Working from home: IT security check

By Cutcher & Neale Accounting and Financial Services - February 22, 2021

In the rush to keep operating, many businesses started working from home arrangements with their staff. Emergency IT measures were put in place and remote working began, but have you revisited these arrangements and your IT security?

With over one third of working Australians working from home during the pandemic, a shift in working arrangements is trending to continue, with many Australians continuing to work from home for at least some of their work hours.

Work from home arrangements present challenges for IT security as these remote environments often do not have the same safeguards in place as the business premises. Because many of these safeguards were rushed in over the start of the pandemic, it is prudent to now reassess these measures and ensure your IT environment is secure.

Start by ensuring your IT and cyber security policies are current and relevant and ensure that these are circulated to all staff, so they are aware of the expectations being set.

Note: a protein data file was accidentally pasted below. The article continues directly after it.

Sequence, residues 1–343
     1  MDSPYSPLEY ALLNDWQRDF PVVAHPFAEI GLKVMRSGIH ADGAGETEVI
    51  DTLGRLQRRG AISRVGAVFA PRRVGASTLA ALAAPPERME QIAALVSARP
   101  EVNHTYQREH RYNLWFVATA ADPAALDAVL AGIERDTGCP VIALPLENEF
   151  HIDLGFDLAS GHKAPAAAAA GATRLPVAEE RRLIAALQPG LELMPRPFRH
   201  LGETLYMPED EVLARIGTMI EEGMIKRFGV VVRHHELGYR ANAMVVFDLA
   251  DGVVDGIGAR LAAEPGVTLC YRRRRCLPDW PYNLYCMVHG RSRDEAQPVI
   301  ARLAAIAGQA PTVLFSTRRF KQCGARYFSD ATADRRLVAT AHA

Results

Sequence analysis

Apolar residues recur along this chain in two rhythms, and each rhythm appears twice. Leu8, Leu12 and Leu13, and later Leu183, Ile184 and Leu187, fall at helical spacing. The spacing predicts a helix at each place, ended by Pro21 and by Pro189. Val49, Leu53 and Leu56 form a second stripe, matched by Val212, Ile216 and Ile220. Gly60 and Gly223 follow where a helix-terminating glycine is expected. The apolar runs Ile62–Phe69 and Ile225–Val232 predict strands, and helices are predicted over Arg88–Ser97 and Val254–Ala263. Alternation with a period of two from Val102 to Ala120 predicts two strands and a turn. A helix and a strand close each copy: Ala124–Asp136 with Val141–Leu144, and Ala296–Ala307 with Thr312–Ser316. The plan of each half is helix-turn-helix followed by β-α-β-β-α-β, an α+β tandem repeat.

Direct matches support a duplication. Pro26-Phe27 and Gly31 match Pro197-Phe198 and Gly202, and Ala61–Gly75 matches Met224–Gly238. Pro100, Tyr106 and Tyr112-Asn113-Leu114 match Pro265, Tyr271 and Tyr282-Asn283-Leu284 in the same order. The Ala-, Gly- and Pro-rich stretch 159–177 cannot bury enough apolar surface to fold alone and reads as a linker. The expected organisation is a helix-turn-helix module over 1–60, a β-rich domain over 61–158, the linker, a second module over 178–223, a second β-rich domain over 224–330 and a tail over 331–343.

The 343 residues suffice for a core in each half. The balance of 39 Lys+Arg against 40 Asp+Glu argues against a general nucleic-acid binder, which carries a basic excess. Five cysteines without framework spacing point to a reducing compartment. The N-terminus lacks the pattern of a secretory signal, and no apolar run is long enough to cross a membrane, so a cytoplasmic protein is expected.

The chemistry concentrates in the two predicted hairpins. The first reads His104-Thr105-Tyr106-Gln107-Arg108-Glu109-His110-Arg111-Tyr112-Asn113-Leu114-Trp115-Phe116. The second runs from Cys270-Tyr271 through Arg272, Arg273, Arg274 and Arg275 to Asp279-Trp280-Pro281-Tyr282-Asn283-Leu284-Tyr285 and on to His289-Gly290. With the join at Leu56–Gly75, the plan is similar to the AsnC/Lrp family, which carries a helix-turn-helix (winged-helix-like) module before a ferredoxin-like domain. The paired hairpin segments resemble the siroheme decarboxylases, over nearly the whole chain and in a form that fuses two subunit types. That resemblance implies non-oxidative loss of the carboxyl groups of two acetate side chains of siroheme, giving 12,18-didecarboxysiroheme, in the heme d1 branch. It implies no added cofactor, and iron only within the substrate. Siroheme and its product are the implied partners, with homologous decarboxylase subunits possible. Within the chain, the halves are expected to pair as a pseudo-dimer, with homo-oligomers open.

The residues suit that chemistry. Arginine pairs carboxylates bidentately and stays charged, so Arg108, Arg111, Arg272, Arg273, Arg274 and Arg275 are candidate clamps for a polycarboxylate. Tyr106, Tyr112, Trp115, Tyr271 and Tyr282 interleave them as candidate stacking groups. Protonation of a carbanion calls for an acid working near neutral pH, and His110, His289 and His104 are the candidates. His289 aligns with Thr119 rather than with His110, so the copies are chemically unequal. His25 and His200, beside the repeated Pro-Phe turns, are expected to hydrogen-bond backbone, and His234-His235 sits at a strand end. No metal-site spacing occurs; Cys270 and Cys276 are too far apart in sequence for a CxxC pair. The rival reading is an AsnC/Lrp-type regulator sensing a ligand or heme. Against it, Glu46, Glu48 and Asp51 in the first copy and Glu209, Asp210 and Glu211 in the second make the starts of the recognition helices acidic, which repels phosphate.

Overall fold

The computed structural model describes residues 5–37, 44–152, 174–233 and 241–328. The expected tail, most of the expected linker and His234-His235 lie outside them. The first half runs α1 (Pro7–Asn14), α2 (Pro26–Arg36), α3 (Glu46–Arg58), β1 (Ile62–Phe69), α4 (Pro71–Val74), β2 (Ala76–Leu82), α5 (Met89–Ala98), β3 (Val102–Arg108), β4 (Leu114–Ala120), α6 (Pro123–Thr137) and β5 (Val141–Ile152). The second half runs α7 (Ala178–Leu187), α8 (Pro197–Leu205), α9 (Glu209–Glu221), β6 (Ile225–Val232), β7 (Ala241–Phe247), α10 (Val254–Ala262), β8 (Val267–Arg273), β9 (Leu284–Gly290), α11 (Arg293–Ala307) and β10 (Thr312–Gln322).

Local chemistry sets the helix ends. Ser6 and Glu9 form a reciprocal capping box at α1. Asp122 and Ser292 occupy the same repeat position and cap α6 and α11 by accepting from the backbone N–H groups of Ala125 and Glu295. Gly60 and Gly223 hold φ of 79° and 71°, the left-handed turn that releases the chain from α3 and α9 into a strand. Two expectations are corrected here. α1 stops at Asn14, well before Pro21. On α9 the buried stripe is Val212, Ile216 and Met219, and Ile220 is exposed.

Employees are the front line of cyber security and must have basic knowledge in identifying and avoiding cybersecurity threats.

Training might include best practice for email security, sensitive information management, and cyber emergency preparedness. Equally as important is ensuring that the IT security environment you have in place is robust and effective for your business.

Every software and IT security ‘stack’ is different, depending upon the software and systems you use, their cloud capabilities, and the data sensitivity of the business. Nevertheless, here are some simple tips that are applicable to all businesses:

  1. Two factor authentication (this is recommended for all software where possible – both at home and in the office)
  2. Use trusted Wifi
  3. Use a virtual private network for server-based programs and storage.
  4. Regulated storage solutions and sharing protocols – such as cloud-based storage solutions and elimination of storage of documents on individual devices
  5. Avoid using portable storage devices – if these must be used, consider an encryption service liker Bitlocker
  6. Anti-virus software
  7. Monitor your third-party vendors and service providers and check their security ratings.

These should be additional to standard IT security processes such as minimum password requirements and periodic mandatory password updates, keeping software up to date, device security such as password logons and above all else maintaining an element of skepticism.

The team at Cutcher & Neale are here to help, please get in touch if you would like further assistance.

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